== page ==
The UK's former race relations chief joins Southend United's manager as part of a four-man team running to highlight black men's one-in-four risk of prostate cancer – double that of white men. We find out their personal reasons for getting involved and the taboos they hope to challenge among their peers.

11 Apr 2018

The former politician and equalities tsar, Trevor Phillips, will line up alongside Southend United manager Chris Powell (pictured above) at the start of the Virgin London Marathon. They'll lead a unique team of four black men running for us to raise awareness of the increased risk of prostate cancer faced by men of their ethnicity.

In the UK, one-in-four black men will be diagnosed with the disease in their lifetime – double the one-in-eight risk faced by white men – yet only 14 per cent of black men are currently aware of their higher than average risk. The community radio DJ, DJ Disciple, and prostate cancer survivor Thomas Kagezi will complete the 'One in Four Marathon Team', representing the harsh statistics on Sunday 22 April.

"For me, this is so much more than a memorial run," says Phillps, the former chairman of the Equality and Human Rights Commission, who lost his brother-in-law to prostate cancer. "We want to make a song and dance about this disease, because the fact is that a wider awareness of prostate cancer will save lives – many thousands of them.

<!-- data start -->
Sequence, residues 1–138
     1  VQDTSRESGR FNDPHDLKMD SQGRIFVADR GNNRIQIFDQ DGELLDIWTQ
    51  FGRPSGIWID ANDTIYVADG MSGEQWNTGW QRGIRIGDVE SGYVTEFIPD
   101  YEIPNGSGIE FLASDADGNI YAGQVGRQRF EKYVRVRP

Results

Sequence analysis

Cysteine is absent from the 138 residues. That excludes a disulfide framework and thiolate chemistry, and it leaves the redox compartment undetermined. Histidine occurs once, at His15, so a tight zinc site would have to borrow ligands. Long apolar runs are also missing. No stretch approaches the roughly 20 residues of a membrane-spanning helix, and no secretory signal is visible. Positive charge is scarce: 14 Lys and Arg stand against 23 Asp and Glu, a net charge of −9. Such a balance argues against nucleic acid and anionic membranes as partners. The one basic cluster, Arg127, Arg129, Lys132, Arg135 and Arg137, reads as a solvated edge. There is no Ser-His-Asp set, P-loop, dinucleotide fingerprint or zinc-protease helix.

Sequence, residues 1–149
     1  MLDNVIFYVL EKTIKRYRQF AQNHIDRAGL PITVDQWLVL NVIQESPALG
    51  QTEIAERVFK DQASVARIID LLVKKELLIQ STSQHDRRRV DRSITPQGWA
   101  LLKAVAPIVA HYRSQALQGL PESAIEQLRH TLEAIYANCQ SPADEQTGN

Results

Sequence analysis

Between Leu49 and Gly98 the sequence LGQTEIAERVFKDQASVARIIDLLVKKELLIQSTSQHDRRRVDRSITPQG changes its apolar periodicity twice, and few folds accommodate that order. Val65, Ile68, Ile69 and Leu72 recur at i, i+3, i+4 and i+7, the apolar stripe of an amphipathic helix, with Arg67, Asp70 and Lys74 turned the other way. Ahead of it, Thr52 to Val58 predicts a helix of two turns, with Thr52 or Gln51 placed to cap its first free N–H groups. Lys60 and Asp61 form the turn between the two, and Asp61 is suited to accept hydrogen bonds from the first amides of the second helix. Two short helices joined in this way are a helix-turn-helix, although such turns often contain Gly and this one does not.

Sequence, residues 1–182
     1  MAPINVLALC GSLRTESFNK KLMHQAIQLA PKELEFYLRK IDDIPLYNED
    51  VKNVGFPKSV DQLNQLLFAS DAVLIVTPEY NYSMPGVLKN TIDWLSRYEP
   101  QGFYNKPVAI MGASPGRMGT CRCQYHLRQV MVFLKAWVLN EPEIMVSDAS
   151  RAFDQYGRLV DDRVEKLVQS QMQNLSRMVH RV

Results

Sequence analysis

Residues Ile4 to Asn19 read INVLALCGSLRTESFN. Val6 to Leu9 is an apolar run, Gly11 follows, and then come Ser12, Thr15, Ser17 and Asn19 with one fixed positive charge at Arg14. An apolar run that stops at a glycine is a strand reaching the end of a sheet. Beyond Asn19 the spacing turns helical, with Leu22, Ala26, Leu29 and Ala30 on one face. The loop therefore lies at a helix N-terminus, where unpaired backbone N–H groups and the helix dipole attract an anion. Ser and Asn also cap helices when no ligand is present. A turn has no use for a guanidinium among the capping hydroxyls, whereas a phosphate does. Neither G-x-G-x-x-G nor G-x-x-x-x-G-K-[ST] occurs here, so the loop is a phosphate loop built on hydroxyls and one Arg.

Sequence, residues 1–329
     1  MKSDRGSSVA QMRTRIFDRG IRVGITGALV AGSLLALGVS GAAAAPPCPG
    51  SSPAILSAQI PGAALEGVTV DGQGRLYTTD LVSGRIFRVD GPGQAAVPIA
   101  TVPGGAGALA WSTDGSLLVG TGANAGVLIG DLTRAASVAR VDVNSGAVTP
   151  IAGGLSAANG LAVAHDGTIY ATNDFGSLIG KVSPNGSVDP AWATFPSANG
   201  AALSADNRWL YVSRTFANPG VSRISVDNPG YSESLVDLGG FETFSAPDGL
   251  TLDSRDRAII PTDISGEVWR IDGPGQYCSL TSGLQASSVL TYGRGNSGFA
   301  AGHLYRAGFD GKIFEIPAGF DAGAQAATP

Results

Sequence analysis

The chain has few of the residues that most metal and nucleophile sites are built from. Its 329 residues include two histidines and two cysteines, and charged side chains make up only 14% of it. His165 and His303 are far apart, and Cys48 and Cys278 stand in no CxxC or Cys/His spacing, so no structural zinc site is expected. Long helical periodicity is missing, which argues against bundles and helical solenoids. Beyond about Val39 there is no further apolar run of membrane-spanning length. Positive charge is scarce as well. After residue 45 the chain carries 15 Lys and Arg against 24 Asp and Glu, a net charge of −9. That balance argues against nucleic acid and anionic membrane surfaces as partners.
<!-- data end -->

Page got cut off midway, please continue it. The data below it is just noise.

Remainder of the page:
"The reluctance of men to talk to their doctor about issues 'down below' has meant that fathers, brothers and sons left us before their time; and let’s face it, this reluctance seems to be a bigger issue for black men than for others."

Chris Powell, a long-time supporter of Prostate Cancer UK who can often be seen wearing our iconic Man of Men pin-badge on the touchline, also hopes the marathon team's efforts can persuade other black men to take control of their health.

"I’ve never competed in anything like this before and I’d be lying if I said I wasn’t nervous," he says. "But knowing that we’re getting the word out there will make every mile worthwhile. Together I know we can make a difference."

Thomas Kagezi is the one man on the team who has had prostate cancer, further reflecting the one-in-four statistic. He was diagnosed in 2016 and has undergone successful treatment. DJ Disciple, from Brixton, was inspired to join the team after he lost a good friend to the disease two years ago.

It's not clear why black men face a higher than average risk of prostate cancer but it is widely thought that genetics could be an underlying factor. The PSA blood test is the first step towards diagnosis, and black men are encouraged to start speaking to their GP about the test from the age of 45 – five years earlier than other men.

The money raised by the team through the marathon will go towards improving diagnosis and treatments in a bid to dramatically reduce the number of men who die from prostate cancer every year in the UK.

Donate to the 'One in Four Marathon Team' now at Chris Powell's JustGiving page.

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